The other day, Mike Ellis posted a really lovely interview with Shelley Bernstein and Paul Beaudoin about the release of the Brooklyn Museum’s Collections API.
One passage that I thought was worth calling out, and which I’ve copied verbatim below, is Shelley’s answer to the question “Why did you decide to build an API?”
First, practical… in the past we’d been asked to be a part of larger projects where institutions were trying to aggregate data across many collections (like d*hub). At the time, we couldn’t justify allocating the time to provide data sets which would become stale as fast as we could turn over the data. By developing the API, we can create this one thing that will work for many people so it no longer become a project every time we are asked to take part.
Second, community… the developer community is not one we’d worked with before. We’d recently had exposure to the indicommons community at the Flickr Commons and had seen developers like David Wilkinson do some great things with our data there. It’s been a very positive experience and one we wanted to carry forward (emphasis mine) into our Collection, not just the materials we are posting to The Commons.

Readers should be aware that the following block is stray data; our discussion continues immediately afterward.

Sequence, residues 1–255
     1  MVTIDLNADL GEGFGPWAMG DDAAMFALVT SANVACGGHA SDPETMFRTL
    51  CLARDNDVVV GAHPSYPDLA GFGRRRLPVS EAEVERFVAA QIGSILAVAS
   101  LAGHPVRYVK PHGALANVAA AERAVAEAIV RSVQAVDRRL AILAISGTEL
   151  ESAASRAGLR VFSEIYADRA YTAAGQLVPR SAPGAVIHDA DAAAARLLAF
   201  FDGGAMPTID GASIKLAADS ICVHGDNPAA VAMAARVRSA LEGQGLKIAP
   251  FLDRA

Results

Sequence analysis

Third, community+practical… I think we needed to recognize that ideas about our data can come from anywhere, and encourage outside partnerships. We should recognize that programmers from outside the organization will have skills and ideas that we don’t have internally and encourage everyone to use them with our data if they want to. When they do, we want to make sure we get them the credit they deserve by pointing our visitors to their sites so they get some exposure for their efforts.
The only thing I would add is: What she said!